If you wish to really understand these principles I recommend reading the 2 books published by Greg Banish, search him on Amazon. These 2 books are the best written books I've seen on tuning principles and covers fuel sources in detail.
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Old 06-10-2015, 05:07 AM
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Quote:
Originally Posted by Jack Stands View Post
I've long thought about the same question. If you drive a car daily and keep burning up the fuel, the ethanol is probably not harmful and does give an octane boost. However, if it sits for long, bad things happen to carborators. I wonder what folks like Jay Leno or Jerry Seinfeld do to avoid issues in their collections? I think that keeping tanks fairly empty and using some additives like the new Stabil 360 May be the way to go.
I think leaving tanks full with E10 is best because when full you have far less air in the tank and air has moisture that binds to the ethanol. The binding of the water to the ethanol is the bigger problem, if the ethanol separates from the fuel that's not desirable but if it separates and then binds with water that's the bigger issue.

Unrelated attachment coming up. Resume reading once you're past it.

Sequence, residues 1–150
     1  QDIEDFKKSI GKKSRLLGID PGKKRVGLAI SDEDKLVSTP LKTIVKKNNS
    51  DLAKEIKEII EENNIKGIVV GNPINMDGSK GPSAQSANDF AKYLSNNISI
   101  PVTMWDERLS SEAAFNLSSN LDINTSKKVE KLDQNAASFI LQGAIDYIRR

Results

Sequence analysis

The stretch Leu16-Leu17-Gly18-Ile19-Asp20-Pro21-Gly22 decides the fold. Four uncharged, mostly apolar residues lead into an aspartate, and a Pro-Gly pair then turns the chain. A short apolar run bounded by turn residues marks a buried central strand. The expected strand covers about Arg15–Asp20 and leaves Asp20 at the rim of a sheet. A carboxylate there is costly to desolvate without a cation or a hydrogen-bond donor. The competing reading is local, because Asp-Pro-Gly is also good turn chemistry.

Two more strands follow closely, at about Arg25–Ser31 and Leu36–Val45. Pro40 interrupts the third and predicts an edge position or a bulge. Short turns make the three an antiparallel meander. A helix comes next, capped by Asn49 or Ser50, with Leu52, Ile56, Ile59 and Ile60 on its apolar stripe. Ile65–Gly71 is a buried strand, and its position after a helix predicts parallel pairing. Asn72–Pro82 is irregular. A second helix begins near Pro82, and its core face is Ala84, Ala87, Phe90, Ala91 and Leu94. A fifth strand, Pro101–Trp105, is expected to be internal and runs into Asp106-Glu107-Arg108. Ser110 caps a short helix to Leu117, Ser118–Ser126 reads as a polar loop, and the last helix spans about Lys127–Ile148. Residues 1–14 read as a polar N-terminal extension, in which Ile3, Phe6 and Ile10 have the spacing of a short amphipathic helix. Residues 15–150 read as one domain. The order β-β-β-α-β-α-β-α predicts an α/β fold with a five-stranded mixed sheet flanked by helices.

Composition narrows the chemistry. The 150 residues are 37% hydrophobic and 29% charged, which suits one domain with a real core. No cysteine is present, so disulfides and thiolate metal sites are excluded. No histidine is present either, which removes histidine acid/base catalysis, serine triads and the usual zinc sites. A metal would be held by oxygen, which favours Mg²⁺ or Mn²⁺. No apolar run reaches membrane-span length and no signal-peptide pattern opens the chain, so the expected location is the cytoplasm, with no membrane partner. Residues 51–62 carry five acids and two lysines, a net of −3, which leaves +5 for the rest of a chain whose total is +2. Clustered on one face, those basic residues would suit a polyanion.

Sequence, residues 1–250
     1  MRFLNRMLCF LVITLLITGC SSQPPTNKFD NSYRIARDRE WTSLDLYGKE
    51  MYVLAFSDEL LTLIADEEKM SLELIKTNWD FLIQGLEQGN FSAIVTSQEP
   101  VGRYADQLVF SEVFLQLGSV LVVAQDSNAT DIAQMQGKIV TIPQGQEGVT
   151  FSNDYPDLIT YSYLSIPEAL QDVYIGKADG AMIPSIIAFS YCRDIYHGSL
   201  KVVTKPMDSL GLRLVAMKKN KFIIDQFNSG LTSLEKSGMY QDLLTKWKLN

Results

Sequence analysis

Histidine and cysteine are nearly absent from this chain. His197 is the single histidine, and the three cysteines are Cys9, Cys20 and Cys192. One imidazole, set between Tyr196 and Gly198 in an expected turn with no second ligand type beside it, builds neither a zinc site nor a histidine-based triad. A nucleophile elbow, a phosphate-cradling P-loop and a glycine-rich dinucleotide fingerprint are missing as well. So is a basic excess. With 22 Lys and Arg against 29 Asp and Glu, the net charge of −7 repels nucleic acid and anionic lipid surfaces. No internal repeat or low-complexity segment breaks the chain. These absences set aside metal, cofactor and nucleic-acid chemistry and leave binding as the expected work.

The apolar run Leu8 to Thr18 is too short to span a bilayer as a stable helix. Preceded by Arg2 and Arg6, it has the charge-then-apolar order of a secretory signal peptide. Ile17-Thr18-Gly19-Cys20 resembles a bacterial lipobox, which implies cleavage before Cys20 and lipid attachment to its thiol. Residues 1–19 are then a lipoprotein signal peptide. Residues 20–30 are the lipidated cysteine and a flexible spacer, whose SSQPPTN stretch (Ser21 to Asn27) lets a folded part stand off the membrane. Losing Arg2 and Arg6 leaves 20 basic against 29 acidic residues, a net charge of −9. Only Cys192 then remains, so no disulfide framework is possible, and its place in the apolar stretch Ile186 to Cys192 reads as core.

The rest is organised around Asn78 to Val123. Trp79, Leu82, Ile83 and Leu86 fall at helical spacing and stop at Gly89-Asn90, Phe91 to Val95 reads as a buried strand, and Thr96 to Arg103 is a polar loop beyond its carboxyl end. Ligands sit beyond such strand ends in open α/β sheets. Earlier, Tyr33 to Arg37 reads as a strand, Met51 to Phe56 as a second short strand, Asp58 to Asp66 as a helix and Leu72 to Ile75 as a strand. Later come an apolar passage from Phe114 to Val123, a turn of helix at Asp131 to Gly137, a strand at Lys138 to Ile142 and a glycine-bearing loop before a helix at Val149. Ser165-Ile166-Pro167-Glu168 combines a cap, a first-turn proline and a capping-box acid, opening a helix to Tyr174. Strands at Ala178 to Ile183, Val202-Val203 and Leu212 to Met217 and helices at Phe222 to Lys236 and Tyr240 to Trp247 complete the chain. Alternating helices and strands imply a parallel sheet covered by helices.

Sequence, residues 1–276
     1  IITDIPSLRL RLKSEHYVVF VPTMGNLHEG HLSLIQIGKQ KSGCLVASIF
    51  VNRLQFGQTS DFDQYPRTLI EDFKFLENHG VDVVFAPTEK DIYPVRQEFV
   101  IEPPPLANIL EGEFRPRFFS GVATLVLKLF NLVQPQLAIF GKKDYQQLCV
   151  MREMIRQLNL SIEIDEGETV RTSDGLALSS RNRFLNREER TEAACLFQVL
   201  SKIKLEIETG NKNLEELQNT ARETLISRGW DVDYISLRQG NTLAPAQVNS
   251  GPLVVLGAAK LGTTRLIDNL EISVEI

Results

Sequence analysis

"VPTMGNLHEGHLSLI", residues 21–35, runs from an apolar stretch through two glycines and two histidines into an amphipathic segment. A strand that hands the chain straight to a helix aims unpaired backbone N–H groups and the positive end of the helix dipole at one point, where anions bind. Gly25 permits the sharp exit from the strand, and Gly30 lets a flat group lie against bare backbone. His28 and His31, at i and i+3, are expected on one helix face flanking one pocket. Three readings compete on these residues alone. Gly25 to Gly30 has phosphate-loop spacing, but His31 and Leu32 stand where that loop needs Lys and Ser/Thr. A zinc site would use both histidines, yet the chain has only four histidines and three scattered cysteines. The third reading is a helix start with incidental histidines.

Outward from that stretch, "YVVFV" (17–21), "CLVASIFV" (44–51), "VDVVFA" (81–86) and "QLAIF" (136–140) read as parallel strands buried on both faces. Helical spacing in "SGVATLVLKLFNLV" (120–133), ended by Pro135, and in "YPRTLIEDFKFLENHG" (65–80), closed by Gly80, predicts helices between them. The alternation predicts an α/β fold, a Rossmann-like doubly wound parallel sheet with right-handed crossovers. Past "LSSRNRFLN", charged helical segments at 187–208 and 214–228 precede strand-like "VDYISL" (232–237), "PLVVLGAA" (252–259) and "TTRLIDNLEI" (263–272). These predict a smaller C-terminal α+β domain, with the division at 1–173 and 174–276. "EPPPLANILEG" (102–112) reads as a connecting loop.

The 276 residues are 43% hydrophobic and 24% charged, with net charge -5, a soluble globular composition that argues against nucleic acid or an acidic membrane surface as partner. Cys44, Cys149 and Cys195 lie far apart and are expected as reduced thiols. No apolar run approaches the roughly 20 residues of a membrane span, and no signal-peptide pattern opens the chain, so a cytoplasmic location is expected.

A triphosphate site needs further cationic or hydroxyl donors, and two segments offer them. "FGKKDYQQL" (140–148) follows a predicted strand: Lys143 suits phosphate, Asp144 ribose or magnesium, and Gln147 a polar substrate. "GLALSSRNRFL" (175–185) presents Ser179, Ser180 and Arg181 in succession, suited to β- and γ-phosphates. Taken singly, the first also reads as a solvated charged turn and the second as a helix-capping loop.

I vote for leaving tanks full during storage of 2 weeks or more. Plus a tank full of liquid fuel will not corrode below the fuel line.
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Old 06-10-2015, 05:12 AM
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In a car like the SC, I'd probably go with the lower octane, but ethanol free type. If it was in a higher state of tune, the choice would be more difficult. I am lucky enough to have ethanol free 94 available in my area which I use in my 85 and 96. A full tank will have less fuel surface area in contact with the air and therefore will likely absorb less water but even if you maintain a full tank when not in use, you have ethanol all through your fuel system breaking down seals and lines. When travelling outside my area I must use ethanol but I always make sure to be mostly empty when arriving back so I can fill with the good stuff upon arrival. Cheers
Old 06-10-2015, 05:43 AM
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My friend that travels the world for the Gates Corporation (fuel line, radiator hoses, belts etc.) performing technical training seminars claims that the ethanol blended fuels go into "phase separation" after 16 days. Given that, and the fact that my SC won't make it through the dip and incline from the street to my driveway with more than a half tank of fuel I tend to try and keep a fresh half tank of fuel in the car every two weeks.